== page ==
Following their putrid 28-win season, the New Jersey Devils found themselves at the NHL draft in Chicago feeling both pumped about executing their enviable 1st overall pick and stressed knowing they had to find a way to remedy the tepid play that had plagued their previous season.
After cashing in their 1st overall pick on Niko Hischier, the Devils began to focus on adding top college free agents who had either turned down or not received deals from the major league teams that drafted them.
The Devils, along with a slew of other teams like the Red Wings, Penguins, Blackhawks, Wild, Sabres, and Maple Leafs, zeroed in on Will Butcher, a 5- foot-10, left-handed defencemen from the University of Denver. During his four-year college career, Butcher accumulated 103 points in 158 games and served as captain for two years. He went on to win the NCAA championship with Denver and was awarded the Hobey Baker Award (the MVP award for college hockey), placing him among an elite group of past winners like Jack Eichel and Johnny Gaudreau who have already made their presence felt in the NHL by scoring a combined 176 points last season.
Butcher, now a highly prized prospect, turned down an offer from the Colorado Avalanche in April, opting instead to proceed to free agency. This move left the organization and its fans surprised and bitter. Many members of the Colorado press claimed that he had “used an NCAA loophole” to avoid signing with the Avalanche, but what Butcher did next left the entire league dumbfounded.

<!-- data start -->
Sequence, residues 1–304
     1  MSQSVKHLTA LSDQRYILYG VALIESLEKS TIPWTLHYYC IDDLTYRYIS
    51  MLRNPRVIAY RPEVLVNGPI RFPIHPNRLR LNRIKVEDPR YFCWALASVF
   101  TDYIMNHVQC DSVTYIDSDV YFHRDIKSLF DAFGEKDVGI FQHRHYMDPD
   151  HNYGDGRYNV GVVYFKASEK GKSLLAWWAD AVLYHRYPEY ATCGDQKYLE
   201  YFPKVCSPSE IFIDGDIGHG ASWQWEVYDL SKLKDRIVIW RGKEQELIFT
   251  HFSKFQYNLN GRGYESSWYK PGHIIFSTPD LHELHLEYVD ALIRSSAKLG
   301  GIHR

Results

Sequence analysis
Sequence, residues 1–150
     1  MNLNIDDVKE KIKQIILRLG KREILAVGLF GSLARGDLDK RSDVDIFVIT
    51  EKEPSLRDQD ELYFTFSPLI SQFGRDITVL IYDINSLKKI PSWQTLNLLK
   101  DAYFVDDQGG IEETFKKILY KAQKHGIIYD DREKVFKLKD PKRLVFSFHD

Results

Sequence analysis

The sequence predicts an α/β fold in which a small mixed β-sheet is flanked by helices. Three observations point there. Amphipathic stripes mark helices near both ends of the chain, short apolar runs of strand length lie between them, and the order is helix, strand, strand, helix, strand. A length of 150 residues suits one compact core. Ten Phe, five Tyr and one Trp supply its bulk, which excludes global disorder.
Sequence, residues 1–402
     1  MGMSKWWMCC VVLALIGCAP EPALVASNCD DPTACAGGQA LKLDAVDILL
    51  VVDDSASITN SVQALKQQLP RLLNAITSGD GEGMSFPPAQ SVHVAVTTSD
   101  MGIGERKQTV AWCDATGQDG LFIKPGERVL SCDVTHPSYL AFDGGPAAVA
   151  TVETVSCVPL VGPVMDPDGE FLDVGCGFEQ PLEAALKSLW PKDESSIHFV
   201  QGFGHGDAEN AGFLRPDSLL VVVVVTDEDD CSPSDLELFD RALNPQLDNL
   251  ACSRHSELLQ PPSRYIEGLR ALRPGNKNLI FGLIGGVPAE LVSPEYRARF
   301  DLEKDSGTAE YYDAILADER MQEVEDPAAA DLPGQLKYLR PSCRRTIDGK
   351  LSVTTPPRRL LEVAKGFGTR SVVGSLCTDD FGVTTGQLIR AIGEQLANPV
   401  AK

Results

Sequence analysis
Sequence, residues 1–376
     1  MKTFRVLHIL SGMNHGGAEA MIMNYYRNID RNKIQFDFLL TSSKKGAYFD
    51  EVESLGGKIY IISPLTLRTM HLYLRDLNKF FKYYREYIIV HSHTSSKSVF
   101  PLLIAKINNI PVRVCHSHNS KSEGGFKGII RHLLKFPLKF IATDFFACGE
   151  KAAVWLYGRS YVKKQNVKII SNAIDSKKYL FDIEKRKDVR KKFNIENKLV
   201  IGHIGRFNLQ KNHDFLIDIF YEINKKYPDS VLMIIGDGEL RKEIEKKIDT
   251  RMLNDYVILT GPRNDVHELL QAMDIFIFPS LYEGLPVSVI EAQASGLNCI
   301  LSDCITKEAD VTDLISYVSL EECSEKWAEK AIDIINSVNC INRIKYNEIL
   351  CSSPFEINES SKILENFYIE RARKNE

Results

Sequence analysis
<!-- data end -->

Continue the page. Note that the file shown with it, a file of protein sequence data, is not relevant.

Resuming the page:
Butcher chose to sign with the hurting 28-win New Jersey Devils rather than the Stanley Cup Champion Pittsburgh Penguins and other contenders like the Chicago Blackhawks. Many wondered why Butcher would make such an improbable move. League insiders claimed Butcher had a strained relationship with the Avalanche coaching staff and management after former Avalanche Head Coach Patrick Roy voiced his disinterest in “undersized defenseman.” At 5’10, Butcher is well under the 6’1 average height of NHL defenseman. While this might have impacted Butcher’s decision to some degree, it would appear that his motivation ran much deeper than fans realized.
For starters, it’s worth mentioning another solid signing by the New Jersey Devils in 23- year-old Sam Kurker, who was ranked the number 2 college free agent, just behind–you guessed it–Will Butcher. After playing on their minor league team, Kurker passed on an offer from the St. Louis Blues to pursue free agency, ending up with the Devils.
Ice time was clearly another strong consideration for Butcher. Teams that pursued him, like the Blackhawks and Penguins, had established and formidable defensive cores and parings that would be hard to break. Consequently, Butcher would likely find himself on the bench — or worse — forced to play more time in the minor leagues until a spot opened up. In Jersey, Butcher will join a fairly young defensive core that will surely offer him more ice time if he continues to play well.
Finally, in addition to signing two great college free agents in Butcher and Kurker, the Devils also acquired Marcus Johansson from the Washington Capitals in exchange for 2 future draft picks. Johansson is coming off a career year in which he accumulated 58 points and the Devil’s hope adding him to the line will help revitalize all-star winger Taylor Hall’s scoring. Johansson also will bring experience to the roster and serve as assistant captain.
All in all, It would appear that through the addition of players like Sam Kurker and Marcus Johansson along with the added ice-time, Butchers decision to leave Colorado was well founded.
Butcher is already making his presence felt. Just last week, the “undersized” defenseman registered 3 assists against his former team in his first official regular season game. This influx of offensive talent and defensive skill backstopped by Cory Schneider will surely propel the Devils to a better season and possibly back to the glory days of 1995, 2000 and 2003.